Better understanding of the relation of the dynamic sensory perception of solid and semi solid foods with consumers’ preferences and their perception of satiety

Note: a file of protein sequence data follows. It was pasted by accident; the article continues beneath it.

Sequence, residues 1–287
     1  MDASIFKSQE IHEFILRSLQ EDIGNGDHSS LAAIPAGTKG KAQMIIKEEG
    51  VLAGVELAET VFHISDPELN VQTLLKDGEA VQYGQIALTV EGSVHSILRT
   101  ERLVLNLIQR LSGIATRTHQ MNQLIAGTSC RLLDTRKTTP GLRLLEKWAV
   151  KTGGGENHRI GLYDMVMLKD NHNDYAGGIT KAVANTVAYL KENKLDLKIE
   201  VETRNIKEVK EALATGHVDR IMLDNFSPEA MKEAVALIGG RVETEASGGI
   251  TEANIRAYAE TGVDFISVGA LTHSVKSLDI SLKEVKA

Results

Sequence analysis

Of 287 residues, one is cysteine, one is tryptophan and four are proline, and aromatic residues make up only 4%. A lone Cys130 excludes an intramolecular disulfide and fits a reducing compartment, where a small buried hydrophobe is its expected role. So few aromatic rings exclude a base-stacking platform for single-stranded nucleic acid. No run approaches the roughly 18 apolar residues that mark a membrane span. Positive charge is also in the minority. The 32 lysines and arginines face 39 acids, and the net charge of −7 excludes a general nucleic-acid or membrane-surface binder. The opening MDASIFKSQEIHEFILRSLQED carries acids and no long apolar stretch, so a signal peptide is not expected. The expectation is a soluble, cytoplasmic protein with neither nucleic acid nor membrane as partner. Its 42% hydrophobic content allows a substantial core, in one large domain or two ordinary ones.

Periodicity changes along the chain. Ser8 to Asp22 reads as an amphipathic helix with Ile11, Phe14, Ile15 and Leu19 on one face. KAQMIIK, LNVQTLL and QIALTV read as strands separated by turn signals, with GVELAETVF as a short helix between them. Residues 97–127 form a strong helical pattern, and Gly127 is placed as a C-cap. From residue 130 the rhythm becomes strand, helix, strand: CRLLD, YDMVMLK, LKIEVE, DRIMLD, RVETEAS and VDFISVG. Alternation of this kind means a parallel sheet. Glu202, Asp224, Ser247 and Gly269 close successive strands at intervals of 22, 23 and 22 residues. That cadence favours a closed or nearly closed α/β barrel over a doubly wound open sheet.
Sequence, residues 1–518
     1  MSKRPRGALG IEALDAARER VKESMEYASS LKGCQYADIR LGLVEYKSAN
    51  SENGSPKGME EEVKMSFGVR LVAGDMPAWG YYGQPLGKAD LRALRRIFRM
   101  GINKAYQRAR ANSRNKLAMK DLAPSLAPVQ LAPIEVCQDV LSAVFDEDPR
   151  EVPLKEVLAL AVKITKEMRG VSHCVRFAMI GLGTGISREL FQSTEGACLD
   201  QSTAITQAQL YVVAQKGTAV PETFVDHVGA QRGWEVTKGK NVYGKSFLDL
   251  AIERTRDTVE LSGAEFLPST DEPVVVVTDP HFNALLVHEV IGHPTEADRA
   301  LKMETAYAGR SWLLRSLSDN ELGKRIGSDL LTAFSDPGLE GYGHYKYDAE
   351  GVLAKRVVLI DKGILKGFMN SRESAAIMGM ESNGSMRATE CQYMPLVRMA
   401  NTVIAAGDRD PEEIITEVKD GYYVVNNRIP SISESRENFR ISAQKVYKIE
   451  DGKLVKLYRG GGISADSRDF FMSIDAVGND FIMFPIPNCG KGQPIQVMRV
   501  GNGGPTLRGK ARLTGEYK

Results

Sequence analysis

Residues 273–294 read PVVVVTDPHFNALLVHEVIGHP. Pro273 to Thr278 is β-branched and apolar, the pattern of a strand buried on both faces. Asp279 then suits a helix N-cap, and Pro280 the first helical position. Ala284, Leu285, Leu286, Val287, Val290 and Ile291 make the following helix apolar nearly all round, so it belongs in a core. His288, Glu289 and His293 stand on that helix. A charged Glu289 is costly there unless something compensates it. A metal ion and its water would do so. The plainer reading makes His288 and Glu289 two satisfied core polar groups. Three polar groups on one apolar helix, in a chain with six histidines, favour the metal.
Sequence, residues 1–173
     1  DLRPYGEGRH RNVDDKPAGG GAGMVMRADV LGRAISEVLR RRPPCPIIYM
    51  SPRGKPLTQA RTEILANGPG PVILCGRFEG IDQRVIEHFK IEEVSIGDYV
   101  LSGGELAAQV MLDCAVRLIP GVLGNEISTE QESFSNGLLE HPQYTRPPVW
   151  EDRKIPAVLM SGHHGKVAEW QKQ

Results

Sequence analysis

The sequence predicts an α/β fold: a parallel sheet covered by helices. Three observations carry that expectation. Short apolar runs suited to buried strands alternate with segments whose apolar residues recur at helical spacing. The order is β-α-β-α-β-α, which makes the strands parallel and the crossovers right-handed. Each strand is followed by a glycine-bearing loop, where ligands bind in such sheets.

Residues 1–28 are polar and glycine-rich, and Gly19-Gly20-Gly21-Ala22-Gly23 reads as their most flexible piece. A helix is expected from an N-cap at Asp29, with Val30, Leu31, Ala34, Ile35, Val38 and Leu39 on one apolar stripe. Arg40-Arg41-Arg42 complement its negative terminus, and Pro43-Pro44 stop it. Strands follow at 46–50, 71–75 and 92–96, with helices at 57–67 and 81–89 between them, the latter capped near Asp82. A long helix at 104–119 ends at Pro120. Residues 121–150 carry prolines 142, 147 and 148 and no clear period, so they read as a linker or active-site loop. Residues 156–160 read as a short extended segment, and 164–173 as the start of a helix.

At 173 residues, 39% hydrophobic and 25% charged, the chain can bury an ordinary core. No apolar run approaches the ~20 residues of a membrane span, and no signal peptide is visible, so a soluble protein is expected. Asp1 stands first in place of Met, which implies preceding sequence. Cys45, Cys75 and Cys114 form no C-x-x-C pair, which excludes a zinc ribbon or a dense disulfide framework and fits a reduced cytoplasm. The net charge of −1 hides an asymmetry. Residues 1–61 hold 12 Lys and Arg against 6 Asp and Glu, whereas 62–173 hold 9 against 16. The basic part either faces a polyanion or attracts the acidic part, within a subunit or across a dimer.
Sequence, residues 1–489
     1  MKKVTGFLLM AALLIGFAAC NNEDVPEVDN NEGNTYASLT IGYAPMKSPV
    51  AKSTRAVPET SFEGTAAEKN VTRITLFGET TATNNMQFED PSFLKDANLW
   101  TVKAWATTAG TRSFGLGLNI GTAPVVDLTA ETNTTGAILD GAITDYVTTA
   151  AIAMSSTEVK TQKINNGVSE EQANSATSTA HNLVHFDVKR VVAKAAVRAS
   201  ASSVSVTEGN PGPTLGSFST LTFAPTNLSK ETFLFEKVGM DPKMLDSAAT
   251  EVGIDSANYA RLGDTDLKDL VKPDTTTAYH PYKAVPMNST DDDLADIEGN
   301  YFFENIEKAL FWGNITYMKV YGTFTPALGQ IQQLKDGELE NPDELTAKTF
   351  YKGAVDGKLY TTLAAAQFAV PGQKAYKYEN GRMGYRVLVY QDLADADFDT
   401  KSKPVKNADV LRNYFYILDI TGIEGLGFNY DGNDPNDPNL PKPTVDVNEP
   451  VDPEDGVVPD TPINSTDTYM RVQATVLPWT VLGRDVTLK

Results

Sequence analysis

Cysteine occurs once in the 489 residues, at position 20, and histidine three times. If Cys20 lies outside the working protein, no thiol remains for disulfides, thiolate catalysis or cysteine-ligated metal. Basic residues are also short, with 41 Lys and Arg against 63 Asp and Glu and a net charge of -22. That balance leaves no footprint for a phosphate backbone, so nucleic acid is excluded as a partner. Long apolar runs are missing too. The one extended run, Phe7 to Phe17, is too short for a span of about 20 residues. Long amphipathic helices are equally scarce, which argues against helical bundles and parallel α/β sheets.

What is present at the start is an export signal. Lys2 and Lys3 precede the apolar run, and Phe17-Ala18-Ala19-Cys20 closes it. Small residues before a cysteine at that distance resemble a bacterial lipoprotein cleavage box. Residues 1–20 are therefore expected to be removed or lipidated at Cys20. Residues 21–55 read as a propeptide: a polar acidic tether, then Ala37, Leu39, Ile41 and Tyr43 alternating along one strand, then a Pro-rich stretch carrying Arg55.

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Nowadays, overweight and obesity has been recognized as one of the main reasons that leads to many non-communicable diseases such as diabetes, high blood pressure, cardiovascular disease and in some cases cancer. Therefore, it is necessary to reduce or at least control overweight and obesity. Some potential solutions have been proposed but they have not been very successful due to the complexity and multi-dimensionality of overweight and obesity. In this context, changing food intake or portion size selection has been proposed as a potential effective solution. However, when changing the meal size, one often changes or replaces food ingredients, which in turn, may change consumer satisfaction. Therefore, the main challenge is to get a balance between controlling meal size and satisfying consumer expectations. To deal with this challenge, a holistic approach is required integrating both product (i.e. sensory attributes) and consumer (i.e. expectations, characteristics) perspectives. Previous research has found that the perception of texture is closely related to satiety expectations and potentially, portion size selection. Sensory attributes are dynamic perceptions that change from one moment to another moment during mastication, and dynamic perception has been hypothesized to influence satiety perception. Thus, temporal descriptive methods are recommended to capture these perceptions. Different temporal methods may have both advantages and limitations. For that reason, the first part of the thesis focuses on method comparisons with the purpose of pointing out the most appropriate method to better understand dynamic perception and satiety related expectations. Using food products with identical composition but varying in texture, the results indicate that TCATA is more suitable for descriptive purposes, whereas TDS could be better suited if the concern is the dominant attribute. Solid and semisolid food products (barley bread, yoghurt) were characterized by both static and dynamic sensory attributes. These attributes were used to identify the drivers of consumer expectations (i.e. liking, satiation, satiety). From that, flavour was found as the main attribute driving liking, whereas texture was deemed essential for driving the expectations of satiation and satiety. The next focus in the thesis was to investigate the relations between consumer expectations and prospective portion size, in an integrated approach. In this framework,iv exploratory blocks (i.e. liking, satiation, satiety) influence each other and together predict the response block (i.e. portion size selection). A path modelling approach is a valuable tool that estimates these relations and highlights blocks or variables which are important in a prediction model. In this part of the thesis, both standard PLS-PM and SO-PLS-PM, which deal with multi-dimensionality in blocks, were used. The results demonstrated that liking was a key determinant of portion size selection. In addition, satiety was predicted by satiation. These results were observed in two data sets (yoghurt, biscuit) with different complexities of sensory properties. Added to this, different groups of consumers showed different drivers for portion selection, highlighting the importance of the study of individual differences in satiety perception. In conclusion, this thesis provided three main findings: (1) temporal descriptive methods are recommended to describe sensory perception particularly when relating them to oral processing, and the methods are selected depending on the specific purpose of each research; (2) consumer satiety expectations, and their relation to liking and portion size selection are driven by different sensory modalities and subjected to individual differences; and (3) the relations between consumer expectations can be effectively modelled and interpreted using SO-PLS-PM. These results are important at industrial level for developing satiety-related food products and from a methodological point of view, in research applications.